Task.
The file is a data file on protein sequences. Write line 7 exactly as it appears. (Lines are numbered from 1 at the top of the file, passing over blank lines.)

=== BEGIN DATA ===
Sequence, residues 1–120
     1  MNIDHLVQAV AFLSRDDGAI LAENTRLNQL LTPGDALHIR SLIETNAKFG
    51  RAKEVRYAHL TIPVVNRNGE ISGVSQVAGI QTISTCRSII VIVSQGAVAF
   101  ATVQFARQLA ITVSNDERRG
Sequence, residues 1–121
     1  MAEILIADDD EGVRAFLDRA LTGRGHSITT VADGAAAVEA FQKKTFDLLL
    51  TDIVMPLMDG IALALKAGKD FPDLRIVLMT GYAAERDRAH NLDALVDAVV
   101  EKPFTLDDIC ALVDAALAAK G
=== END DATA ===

    51  TDIVMPLMDG IALALKAGKD FPDLRIVLMT GYAAERDRAH NLDALVDAVV